Osteosarcoma is the most common primary malignant bone tumor identified by its ability to form bone or bone tissue. There are a few different types of osteosarcoma which behave differently due to their biological makeup. Central osteosarcoma is the classical form usually occurring in adolescents located at the proximal or distal ends of long bones. These sarcomas are rated from low grade to high grade, with low grade being far less aggressive. Juxtacortical (both parosteal and periosteal) are usually considered low grade sarcomas. Telangiectatic osteosarcoma is rare, high grade and behaves as aggressively as classical osteosarcoma.
Osteosarcomas can occur in patients with other skeletal diseases such as Paget's disease, in bone previously treated with radiation for another type of tumor, or in any bone within a radiation field. Osteosarcoma incidence peaks in two age groups: 10-20 years and 50-60 (the older age group is often related to the patient with Paget's disease or those who received radiation). It is more common in males and occurs in areas of rapid growth. The most common site is the distal femur, proximal tibia, proximal humerus and proximal femur, although any bone may be involved.
The tumor is usually noted after trauma brings attention to a painful mass. Patients present with pain, local tenderness, a bony hard mass and decreased function of the body part. If the lesion has been untreated for a long period of time the patient may have symptoms of weight loss, fever, chills, lack of appetite and severe night pain not relieved by aspirin. Sometimes there is an increase in the blood level of alkaline phosphatase. X-rays show a destructive lesion as well as bone formation, a classical 'sun burst' streaming pattern. The outcome of patients without metastases at diagnosis is now quite good due to chemotherapy. Some patients have metastases at diagnosis, usually the lungs but may be in other bones, which worsens the prognosis.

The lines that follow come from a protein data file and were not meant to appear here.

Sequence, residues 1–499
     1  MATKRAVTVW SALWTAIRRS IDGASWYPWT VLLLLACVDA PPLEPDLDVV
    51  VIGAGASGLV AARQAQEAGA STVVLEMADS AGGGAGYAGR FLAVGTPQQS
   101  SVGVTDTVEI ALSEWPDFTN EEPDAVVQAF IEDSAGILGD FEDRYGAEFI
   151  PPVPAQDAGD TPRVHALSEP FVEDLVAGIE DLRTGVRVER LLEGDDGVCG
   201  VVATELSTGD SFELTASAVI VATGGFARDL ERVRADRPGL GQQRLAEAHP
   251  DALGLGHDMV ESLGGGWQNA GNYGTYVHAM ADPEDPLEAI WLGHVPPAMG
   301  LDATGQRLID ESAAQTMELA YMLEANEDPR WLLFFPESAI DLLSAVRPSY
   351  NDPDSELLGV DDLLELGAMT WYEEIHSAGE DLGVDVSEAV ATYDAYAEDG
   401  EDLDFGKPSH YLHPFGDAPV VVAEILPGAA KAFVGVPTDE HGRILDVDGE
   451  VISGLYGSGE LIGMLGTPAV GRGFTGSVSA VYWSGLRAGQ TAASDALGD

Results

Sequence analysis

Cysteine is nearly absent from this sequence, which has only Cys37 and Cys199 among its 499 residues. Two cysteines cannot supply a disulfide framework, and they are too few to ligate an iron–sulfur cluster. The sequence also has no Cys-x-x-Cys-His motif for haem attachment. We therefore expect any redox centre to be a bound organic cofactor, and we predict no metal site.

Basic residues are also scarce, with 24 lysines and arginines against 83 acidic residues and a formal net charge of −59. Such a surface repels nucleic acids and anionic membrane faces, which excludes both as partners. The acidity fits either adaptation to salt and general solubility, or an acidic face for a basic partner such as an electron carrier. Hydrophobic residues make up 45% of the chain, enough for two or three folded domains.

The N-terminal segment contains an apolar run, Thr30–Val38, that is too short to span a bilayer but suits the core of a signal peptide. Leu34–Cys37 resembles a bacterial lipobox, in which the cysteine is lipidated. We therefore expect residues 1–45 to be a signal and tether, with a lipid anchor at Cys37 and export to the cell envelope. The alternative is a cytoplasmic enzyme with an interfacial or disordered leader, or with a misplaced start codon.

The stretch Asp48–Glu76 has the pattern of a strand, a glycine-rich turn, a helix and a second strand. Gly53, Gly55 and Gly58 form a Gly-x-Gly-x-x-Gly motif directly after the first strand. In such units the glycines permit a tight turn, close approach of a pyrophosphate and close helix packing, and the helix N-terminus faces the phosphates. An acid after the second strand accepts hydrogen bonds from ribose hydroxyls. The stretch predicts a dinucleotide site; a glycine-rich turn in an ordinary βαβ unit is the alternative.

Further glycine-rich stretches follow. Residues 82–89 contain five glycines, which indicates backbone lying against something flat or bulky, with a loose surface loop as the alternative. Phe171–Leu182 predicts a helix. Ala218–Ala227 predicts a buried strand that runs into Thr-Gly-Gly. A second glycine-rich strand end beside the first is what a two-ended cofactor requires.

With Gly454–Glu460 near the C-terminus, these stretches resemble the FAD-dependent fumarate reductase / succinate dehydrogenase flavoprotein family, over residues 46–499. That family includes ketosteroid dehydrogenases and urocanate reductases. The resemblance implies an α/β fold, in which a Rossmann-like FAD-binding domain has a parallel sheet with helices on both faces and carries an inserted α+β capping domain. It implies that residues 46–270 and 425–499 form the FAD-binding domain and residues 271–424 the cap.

Treatment for osteosarcoma involves chemotherapy and surgery. Chemotherapy is given before and after the surgical procedure in an attempt to reduce the size of the tumor making resection easier, and prevent the spread of cancer cells to other sites of the body. The chemotherapy protocol takes almost one year in total to complete. Previously, amputation was the only surgical treatment option to remove the tumor. Now there are limb-saving procedures which involve resection of the entire tumor as well as a margin of normal tissue (usually muscle and bone) around the lesion with replacement and reconstruction using an allograft (cadaver donor bone) or metal prosthesis. Adequate bone healing can take nine months to one year.
Rehabilitation requires casting for a few months followed by bracing and crutches (for lower extremity tumors) for almost one year. Physical therapy is necessary to regain motion and strength, but the progression is slow. It is important to realize that the affected limb will not look the same nor return to normal function. Patients return to normal daily routines but there are restrictions on physical activities. Prolonged walking, sitting, running, and heavy lifting should be avoided with lower extremity allografts. With upper extremity allografts, heavy lifting, pushing/pulling objects and repetitive use of the arm should be avoided. Patients with upper or lower extremity allografts should avoid contact sports.
Sometimes amputation may be the only surgical option due to the tumor size, location and/or invasion of surrounding vessels. Amputation insures complete removal of the tumor, and in most cases, the patient rapidly returns to a functional level. Final prosthetic fittings begin within one month after surgery if the residual limb (stump) is healed. Unlike the allograft patient, the functional limitations of the amputee are left to the imagination and determination of the patient.
If local recurrence or distant metastases occur, the combination of chemotherapy drugs is changed and surgical resection and radiotherapy is considered which involves intermittent periods of hospitalization.
- Chief, Orthopaedic Oncology Service
- Program Director, Musculoskeletal Oncology Fellowship Program
- Associate Professor of Orthopaedic Surgery, Harvard Medical School
- Orthopaedic Oncology Surgeon
- Assistant Professor of Orthopaedic Surgery, Harvard Medical School
- Orthopaedic Oncology Surgeon
- Instructor in Orthopaedic Surgery, Harvard Medical School
- Chief, Orthopaedic Spine Center
- Director, Spine Oncology & Co-Director, Stephan L. Harris Chordoma Center
- Associate Professor of Orthopedic Surgery, Harvard Medical School
- Nurse Practitioner; Doctor of Nursing; Clinical Director - Orthopaedic Oncology (Sarcoma & Chordoma)
- Inpatient Nurse Practitioner - Oncology